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Show dropped packets per interface on Linux - Methiods to check it

This article covers how to Show dropped packets per interface on Linux. 

There can be various reasons for packet loss. It can be that the network transport is unreliable and packet loss is natural, the network link could be congested, applications cannot handle the offered load.

Sometimes there are too many packets, they are saved to a buffer, but they are saved faster than processed, so eventually the buffer runs out of space, so the kernel drops all further packets until there is some free space in the buffer.


You will learn the different Linux commands to see packet loss on Linux per-interface, including excellent tools such as dropwatch. 

We can also use Linux profiling with performance counters utility called perf.


To display show dropped packets per interface on Linux using the netstat:

The netstat command is mostly obsolete. Replacement for netstat is ss and ip command. 

However, netstat still available on older Linux distros, which are in productions. 

Hence, I will start with netstat but if possible, use the ip/ss tools. 

The command in Linux is:

$ netstat -i

$ netstat --interfaces


To display summary statistics for each protocol, run:

$ netstat -s

$ netstat --statistics


To show dropped packets statistics per network interface on Linux using the ip:

Let us see how to see link device stats using the ip command. 

The syntax is:

$ ip -s link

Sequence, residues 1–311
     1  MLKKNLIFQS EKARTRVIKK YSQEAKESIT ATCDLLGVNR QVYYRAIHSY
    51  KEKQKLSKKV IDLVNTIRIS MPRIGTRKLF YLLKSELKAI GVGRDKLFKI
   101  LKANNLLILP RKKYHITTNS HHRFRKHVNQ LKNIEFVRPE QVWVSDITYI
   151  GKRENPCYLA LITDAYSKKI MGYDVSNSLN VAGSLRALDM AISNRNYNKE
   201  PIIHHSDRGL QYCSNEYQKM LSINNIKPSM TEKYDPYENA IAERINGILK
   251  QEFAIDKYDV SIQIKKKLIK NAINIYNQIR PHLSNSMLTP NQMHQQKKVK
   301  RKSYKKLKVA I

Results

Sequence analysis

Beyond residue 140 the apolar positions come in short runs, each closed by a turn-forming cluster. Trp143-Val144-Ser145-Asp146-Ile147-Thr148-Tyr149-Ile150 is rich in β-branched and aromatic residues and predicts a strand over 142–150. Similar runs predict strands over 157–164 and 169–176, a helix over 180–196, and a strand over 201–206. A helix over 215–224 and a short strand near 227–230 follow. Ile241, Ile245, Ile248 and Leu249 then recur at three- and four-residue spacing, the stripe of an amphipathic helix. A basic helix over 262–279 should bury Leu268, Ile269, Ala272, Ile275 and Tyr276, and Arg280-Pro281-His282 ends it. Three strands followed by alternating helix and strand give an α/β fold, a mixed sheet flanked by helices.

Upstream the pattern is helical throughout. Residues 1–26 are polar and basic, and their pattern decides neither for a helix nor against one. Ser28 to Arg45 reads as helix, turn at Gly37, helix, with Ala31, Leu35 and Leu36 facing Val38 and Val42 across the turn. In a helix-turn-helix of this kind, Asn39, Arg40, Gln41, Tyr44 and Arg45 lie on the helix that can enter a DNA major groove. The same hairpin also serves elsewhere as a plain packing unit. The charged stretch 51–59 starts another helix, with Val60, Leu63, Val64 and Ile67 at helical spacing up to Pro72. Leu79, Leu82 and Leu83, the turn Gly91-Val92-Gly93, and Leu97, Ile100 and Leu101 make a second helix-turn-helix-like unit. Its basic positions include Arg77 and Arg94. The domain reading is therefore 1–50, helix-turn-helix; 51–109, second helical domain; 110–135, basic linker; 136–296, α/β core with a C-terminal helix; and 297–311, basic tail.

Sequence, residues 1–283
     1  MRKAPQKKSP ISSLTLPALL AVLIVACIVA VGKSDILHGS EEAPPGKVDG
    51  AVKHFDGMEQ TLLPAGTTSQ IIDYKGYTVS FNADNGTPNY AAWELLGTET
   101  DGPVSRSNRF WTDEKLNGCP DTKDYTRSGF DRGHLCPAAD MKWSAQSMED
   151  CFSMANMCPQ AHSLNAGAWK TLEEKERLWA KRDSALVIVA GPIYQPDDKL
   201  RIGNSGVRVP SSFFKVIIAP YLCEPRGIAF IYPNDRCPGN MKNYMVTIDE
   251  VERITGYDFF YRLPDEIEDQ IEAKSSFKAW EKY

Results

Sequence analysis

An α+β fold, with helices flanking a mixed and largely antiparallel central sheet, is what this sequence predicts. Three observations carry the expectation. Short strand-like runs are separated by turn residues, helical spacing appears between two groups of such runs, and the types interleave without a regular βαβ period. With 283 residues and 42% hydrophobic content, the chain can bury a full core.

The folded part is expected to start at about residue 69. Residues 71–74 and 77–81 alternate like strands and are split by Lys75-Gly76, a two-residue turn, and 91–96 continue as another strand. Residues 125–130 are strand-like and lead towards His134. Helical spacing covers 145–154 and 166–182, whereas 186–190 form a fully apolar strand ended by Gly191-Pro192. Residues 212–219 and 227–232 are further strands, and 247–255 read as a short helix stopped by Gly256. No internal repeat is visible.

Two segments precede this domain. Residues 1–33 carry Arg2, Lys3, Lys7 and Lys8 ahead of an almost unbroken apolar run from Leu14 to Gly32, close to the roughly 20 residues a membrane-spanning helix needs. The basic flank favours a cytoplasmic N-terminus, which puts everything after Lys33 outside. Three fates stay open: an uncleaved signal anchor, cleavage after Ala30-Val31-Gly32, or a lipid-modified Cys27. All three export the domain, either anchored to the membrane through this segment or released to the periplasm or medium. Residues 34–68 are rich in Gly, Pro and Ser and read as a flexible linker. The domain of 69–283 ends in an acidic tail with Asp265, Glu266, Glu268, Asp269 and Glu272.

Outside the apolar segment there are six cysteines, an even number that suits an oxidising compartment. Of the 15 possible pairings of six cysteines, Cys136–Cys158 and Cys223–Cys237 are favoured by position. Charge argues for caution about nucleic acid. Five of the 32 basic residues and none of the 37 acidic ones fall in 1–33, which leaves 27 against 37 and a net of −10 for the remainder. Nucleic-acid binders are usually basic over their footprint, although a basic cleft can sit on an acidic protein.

$ ip -s link show {interface}

$ ip -s link show eth0

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Use Nmap to Scan Open Ports - How to

This article covers how to use Nmap to Scan Open Ports. Nmap is the world's leading port security network scanner. The Nmap hosted security tool can help you determine how well your firewall and security configuration is working.

How would you tell Nmap to scan all ports?
By default, Nmap scans the 1,000 most popular ports of each protocol it is asked to scan.
Alternatively, you can specify the -F (fast) option to scan only the 100 most common ports in each protocol or --top-ports to specify an arbitrary number of ports to scan.

The OS and Service scanning options are helpful for scanning a particular port or service to get more information.
If a service is running on a non-default port, it might be by design – or it might suggest there is a security breach.
Ports often have a default usage. Most ports under 1000 are dedicated and assigned to a specific service.

What file does Nmap use to determine which ports to scan?
Nmap needs an nmap-services file with frequency information in order to know which ports are the most common.

Malicious ("black hat") hackers (or crackers) commonly use port scanning software to find which ports are "open" (unfiltered) in a given computer, and whether or not an actual service is listening on that port. They can then attempt to exploit potential vulnerabilities in any services they find.

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